STOCKHOLM, Oct 6, 2011 (AFP) - Feverish speculation marked the hours before Thursday's Nobel Literature Prize announcement, with some suggesting the Arab Spring uprising could inspire an award to Syrian poet Adonis -- and one betting site tipping Bob Dylan as the favourite.
Sweden's leading newspaper even let a cat predict this year's laureate.
The Swedish Academy that awards the prize never reveals the names of the nominees, leaving the door wide open for frenzied guessing right up to the announcement, due at 1:00 pm (1100 GMT).
The buzz in literary circles in recent weeks has been that the situation in the Middle East could influence the prize committee to give the prestigious award to an Arab-language writer for only the second time in history.
"It's time for a poet and the Mideast. So who would be better than Adonis?," said Nicklas Bjoerkholm, manager of one of Stockholm's biggest bookstores, Hedengrens.
If he wins, he will be only the second Arab-language writer to receive the literary world's top prize, after Egyptian writer Naguib Mahfouz won in 1988.
There has also been some speculation that long-tipped Israeli author Amos Oz could be well-placed in a year with so much focus on the Middle East.
In June, Adonis, whose real name is Ali Ahmed Said and who lives in France, won the Goethe Prize.
The same month, he published an open letter to Syrian President Bashar al-Assad in a Lebanese newspaper urging him to end the bloody repression.
Online betting sites have also long handed Adonis the best odds.
But on Thursday Japanese writer Haruki Murakami sailed up to top Unibet's list, followed by Adonis, Korean American novelist Chang-Rae Lee, and Swedish poet Tomas Transtroemer.
Also making a strong run on the home straight is Bob Dylan.
The Ladbrokes betting site created a stir when the legendary singer-songwriter when it catapulted him into the top slot on Wednesday, ahead of Murakami.
Behind them were Algerian novelist and poet Assia Djebar, Adonis, Hungarian writer Peter Nadas and Transtroemer.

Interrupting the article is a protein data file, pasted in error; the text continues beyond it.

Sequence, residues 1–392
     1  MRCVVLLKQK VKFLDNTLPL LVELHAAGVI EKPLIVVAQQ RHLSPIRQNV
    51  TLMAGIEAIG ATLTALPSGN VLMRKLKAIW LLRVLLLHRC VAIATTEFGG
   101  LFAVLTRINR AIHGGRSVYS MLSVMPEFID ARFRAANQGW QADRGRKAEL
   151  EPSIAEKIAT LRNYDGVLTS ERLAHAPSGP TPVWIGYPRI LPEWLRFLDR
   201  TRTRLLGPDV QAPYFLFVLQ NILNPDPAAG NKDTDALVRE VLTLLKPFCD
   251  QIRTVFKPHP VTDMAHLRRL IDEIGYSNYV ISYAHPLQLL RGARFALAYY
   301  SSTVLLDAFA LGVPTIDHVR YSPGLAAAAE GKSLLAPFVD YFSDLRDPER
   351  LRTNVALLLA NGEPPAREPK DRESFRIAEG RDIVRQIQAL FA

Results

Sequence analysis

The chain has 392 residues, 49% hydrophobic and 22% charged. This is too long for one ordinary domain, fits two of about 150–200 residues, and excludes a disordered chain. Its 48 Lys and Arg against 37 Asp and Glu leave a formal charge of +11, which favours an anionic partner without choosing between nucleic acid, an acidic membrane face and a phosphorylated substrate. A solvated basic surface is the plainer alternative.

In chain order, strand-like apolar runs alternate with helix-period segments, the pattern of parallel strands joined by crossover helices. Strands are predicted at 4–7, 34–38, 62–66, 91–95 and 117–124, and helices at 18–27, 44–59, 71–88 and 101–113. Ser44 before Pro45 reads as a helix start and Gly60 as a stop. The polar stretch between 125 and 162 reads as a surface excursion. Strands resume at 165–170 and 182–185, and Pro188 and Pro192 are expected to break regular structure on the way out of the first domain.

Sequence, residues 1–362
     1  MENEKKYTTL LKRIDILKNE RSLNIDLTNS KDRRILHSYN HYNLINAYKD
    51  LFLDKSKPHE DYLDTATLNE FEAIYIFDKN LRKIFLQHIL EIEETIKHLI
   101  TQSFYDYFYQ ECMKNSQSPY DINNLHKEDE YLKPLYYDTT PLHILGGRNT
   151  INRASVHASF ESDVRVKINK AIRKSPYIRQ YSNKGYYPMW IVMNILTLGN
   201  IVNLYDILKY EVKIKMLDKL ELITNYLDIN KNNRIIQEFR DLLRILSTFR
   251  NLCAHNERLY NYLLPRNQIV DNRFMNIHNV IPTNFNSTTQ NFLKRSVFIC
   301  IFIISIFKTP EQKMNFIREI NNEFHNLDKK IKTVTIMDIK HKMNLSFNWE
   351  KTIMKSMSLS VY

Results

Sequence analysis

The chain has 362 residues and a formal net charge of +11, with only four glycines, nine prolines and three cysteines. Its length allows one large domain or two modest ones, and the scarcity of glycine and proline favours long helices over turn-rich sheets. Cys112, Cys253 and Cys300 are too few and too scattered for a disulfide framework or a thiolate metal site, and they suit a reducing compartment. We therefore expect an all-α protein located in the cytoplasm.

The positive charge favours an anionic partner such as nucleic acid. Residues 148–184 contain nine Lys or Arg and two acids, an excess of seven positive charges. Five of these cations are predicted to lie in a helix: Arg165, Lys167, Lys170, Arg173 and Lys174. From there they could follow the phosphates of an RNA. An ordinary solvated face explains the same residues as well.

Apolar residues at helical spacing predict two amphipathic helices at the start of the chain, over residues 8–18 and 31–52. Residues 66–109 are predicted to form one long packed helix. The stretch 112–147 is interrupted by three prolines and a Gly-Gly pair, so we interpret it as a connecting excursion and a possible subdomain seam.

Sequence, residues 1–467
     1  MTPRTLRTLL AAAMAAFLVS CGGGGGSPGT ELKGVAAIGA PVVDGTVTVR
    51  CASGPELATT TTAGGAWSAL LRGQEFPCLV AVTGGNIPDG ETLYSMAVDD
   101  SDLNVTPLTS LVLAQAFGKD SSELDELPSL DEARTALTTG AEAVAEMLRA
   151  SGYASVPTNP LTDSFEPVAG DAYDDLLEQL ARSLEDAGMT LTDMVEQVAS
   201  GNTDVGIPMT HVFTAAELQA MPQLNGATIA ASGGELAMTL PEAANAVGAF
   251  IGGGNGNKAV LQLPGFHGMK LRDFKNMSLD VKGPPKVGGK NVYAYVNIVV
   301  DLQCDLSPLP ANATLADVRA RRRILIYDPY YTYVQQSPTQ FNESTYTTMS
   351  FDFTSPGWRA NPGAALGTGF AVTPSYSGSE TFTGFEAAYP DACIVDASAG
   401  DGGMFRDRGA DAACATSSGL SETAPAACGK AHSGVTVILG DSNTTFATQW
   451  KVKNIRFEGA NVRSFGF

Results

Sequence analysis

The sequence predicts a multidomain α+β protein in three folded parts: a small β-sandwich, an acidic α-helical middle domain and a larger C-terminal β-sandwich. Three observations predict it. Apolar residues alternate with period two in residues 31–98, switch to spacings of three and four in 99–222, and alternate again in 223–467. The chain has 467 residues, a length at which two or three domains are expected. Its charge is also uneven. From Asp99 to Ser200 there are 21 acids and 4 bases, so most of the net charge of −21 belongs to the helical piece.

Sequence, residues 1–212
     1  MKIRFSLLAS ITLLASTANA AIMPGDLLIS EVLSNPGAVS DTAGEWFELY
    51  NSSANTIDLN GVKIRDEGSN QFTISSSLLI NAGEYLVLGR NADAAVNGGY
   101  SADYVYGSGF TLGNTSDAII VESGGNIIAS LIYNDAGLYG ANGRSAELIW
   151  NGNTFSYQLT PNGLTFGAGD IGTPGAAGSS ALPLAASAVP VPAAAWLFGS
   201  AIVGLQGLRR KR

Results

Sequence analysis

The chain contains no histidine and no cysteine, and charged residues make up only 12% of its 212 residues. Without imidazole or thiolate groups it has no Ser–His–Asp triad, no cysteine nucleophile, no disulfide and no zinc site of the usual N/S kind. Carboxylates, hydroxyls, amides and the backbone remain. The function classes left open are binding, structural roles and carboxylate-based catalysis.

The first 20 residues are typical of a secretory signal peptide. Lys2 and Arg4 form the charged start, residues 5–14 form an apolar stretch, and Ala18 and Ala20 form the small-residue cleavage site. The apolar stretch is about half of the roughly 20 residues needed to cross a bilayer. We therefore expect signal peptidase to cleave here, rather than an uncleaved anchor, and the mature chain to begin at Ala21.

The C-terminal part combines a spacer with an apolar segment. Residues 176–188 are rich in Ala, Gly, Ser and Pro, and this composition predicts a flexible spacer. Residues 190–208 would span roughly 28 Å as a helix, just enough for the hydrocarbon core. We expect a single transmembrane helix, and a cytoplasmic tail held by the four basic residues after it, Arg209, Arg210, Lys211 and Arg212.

Ladbrokes reported that 80 percent of the bets taken over a 12-hour period went on Dylan, causing his odds to tumble from 100-1 to 5-1 ahead of Thursday's announcement.
"We have seen a lot of bets from Sweden, from people we believe to be quite well-informed," Alex Donohue of Ladbrokes said.
"Everything now points to Dylan taking the prize. At first we had him down as a rank outsider but the committee have been known to spring a shock and punters the world over feel Dylan will be the beneficiary."
Dylan has been mentioned for several years as a possible laureate, but always figuring far down the list.
He has been spurned by observers for the same reason widely-read authors such as US novelists Philip Roth, Joyce Carol Oates and Cormac McCarthy -- who always figure among the favourites -- are considered unlikely winners: they are too popular.
"The whole idea of the prize is not to be mainstream," Stephen Farran-Lee, senior editor at Swedish publishing house Bonniers, told AFP.
The prize that last year went to Spanish-Peruvian author Mario Vargas Llosa has also been tipped to go to Kenya's Ngugi wa Thiong'o, Korean poet Ko Un or Somalia's Nuruddin Farah.
US author Thomas Pynchon, Canadian short story writer Alice Munro, India's Vijaydan Detha and Australia's Les Murray also figure among the favourites.
Illustrating just how difficult it is to correctly predict the winner, Swedish paper of reference Dagens Nyheter in Thursday's edition let a cat pick the laureate.
It placed bowls of kitty food in front of the cat, each bowl bearing the name of an author, including those of Djebar, Murray, Munro, Transtroemer, and Claudio Magris.
It chose Alice Munro.
The Literature Prize is the fourth and one of the most watched announcements this Nobel season, following the prizes for medicine, physics and chemistry earlier this week.
Next in line is the other big crowd-pleaser, the Peace Prize, which will be announced on Friday. The Economics Prize will wrap up the Nobel season next Monday.
This year's laureates will receive 10 million Swedish kronor ($1.48 million, 1.08 million euros) which can be split between up to three winners per prize.